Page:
The Jacksonville Jaguars travel to New York this week to take on the Jets (1-0), led by Mark Sanchez and the NFL's third-ranked defense from a year ago. For Jacksonville, this game gives them an early season opportunity to beat a quality opponent on the road, and establish themselves as legitimate contenders in the AFC.
After Sunday, the Jaguars may realize they're still a year away.
While Jaguars fans may point to the team's 2009 victory against the Jets in New York as proof they are ready to contend this Sunday, this isn't 2009 and Mark Sanchez, then a rookie, has blossomed into one of the league's premier quarterbacks.
Sanchez struggled in that game, going 16 of 30, while throwing 2 interceptions to Quentin Groves and Rashean Mathis. Meanwhile, Maurice Jones-Drew gashed the vaunted Jets defense for 123 yards and a touchdown in a 24-22 victory.
In 2011, however, the Jaguars simply don't match up to a team so dangerously loaded at wide receiver and stout defensively.
Derek Cox, the Jaguars top cornerback, is likely out with an injury at the position at which the Jaguars can least afford to be vulnerable. Look for Mark Sanchez to take advantage of Jacksonville's secondary, who is likely to start Drew Coleman alongside Rashean Mathis at cornerback.
Mammoth receiver Plaxico Burress will pose matchup problems for the Jaguars in the red zone, where the 6'5 Burress can use his size to position himself against the smaller, less physical Jacksonville corners. Santonio Holmes will represent speed for the Jets' passing game, and promises to challenge Jacksonville's revamped defense by stretching the field early and often.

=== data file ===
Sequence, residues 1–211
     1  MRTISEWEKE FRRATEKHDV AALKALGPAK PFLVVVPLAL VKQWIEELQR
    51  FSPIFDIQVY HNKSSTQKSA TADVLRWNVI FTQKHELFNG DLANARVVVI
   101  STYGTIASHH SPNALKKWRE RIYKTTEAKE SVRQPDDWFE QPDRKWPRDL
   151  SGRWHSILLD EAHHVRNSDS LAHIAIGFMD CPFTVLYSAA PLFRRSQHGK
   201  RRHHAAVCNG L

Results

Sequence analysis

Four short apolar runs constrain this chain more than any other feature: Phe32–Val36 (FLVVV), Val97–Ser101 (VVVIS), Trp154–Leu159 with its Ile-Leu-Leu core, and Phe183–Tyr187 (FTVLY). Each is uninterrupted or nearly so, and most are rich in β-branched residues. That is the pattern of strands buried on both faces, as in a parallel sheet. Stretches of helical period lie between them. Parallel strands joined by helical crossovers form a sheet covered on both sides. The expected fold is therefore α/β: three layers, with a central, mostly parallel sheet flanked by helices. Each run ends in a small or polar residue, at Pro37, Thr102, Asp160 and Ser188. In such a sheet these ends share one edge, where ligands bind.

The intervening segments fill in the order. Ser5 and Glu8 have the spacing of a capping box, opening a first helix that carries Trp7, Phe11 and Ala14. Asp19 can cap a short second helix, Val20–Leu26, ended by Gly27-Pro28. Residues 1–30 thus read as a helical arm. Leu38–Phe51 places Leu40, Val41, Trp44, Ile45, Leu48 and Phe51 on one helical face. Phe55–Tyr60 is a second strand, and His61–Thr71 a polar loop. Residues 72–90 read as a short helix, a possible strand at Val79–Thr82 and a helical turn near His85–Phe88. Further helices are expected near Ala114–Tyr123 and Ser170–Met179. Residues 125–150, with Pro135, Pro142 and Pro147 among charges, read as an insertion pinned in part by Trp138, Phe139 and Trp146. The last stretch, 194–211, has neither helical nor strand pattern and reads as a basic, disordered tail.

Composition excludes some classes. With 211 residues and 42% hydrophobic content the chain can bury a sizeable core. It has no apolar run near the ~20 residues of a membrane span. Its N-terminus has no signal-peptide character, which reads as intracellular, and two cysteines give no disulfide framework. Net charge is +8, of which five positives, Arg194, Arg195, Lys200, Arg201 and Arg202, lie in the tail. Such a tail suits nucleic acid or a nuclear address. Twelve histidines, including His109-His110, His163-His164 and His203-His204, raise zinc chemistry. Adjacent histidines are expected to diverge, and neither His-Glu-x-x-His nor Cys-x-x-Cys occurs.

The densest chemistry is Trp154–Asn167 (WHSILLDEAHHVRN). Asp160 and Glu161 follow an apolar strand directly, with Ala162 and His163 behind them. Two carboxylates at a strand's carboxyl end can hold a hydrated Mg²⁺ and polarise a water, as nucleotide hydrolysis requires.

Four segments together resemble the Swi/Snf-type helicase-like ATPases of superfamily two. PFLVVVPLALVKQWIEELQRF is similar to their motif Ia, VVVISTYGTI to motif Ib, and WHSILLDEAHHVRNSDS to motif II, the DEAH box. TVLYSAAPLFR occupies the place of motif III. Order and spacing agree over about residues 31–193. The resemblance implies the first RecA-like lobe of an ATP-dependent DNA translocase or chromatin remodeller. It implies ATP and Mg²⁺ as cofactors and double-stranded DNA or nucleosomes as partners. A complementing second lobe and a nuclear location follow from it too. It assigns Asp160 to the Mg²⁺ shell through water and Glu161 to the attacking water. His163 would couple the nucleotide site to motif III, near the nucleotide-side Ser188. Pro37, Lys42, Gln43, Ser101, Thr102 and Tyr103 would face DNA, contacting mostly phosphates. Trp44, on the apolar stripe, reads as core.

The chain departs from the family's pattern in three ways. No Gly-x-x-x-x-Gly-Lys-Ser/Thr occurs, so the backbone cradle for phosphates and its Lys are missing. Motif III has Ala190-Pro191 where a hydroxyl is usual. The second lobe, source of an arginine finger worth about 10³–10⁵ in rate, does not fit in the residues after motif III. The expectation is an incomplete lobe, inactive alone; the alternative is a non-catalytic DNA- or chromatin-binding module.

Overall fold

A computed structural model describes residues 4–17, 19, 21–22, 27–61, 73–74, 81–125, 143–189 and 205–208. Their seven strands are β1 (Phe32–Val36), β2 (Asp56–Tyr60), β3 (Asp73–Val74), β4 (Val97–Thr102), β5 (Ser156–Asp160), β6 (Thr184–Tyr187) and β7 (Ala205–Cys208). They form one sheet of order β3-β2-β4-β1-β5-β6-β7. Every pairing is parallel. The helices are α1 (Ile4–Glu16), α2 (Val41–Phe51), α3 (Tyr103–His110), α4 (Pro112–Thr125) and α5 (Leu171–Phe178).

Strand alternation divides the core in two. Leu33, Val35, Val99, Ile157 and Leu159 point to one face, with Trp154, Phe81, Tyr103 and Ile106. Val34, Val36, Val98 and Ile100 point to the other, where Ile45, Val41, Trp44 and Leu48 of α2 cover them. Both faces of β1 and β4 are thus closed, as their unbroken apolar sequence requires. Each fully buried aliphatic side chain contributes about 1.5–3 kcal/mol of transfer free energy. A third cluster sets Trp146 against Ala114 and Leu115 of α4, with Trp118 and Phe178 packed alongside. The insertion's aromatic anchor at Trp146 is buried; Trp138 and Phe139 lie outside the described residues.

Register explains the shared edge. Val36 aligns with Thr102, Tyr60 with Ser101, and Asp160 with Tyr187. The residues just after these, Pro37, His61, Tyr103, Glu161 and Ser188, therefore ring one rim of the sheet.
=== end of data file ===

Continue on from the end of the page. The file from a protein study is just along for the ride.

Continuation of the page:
Furthermore, Dustin Keller is a tight end who has the size to post against smaller defensive backs and the speed to give linebackers fits in coverage. Look for Keller to be a key component for the Jets on third down.
Where I expect Jacksonville to excel in this game is against the run. Jacksonville brought in Paul Posluszny and Clint Session during the offseason for games exactly like this, and I expect them to create problems for a Jets offense that ran the ball for only 45 yards last week against the Cowboys.
However, if the Jets offensive line gets push against Tyson Alualu and Terrance Knighton, the Jaguars linebackers will be presented with blocked pursuit lanes, inhibiting their flow to the football. If the Jets have much success running the football, the Jaguars are in deep trouble.
Offensively for the Jaguars, facing one of the league's most talented and aggressive defenses will prove impossible if they employ the same predictable, conservative offensive strategy they used against Tennessee last week. Look for the Jaguars to use rookie Cecil Shorts early in the game, in three wide receiver sets, to help spread out the Jets defense and create running lanes for Jones-Drew.
Most importantly, the Jaguars must take the training wheels off of Luke McCown.
McCown hit mostly check-downs and intermediate routes last week, but was successful when the Jaguars allowed the veteran journeyman to take a chance on third down late in the game. The Jaguars must give McCown more downfield opportunities, and the unheralded receiving group must make plays, to give Maurice Jones-Drew space to work with along the line of scrimmage.
If the Jaguars fail to keep the Jets guessing, it will get ugly.
I look for the Jaguars to keep it close, and McCown to play well early, before the Jets defense seals the game with a late turnover or fourth down stop.
Jets win it, 23-16.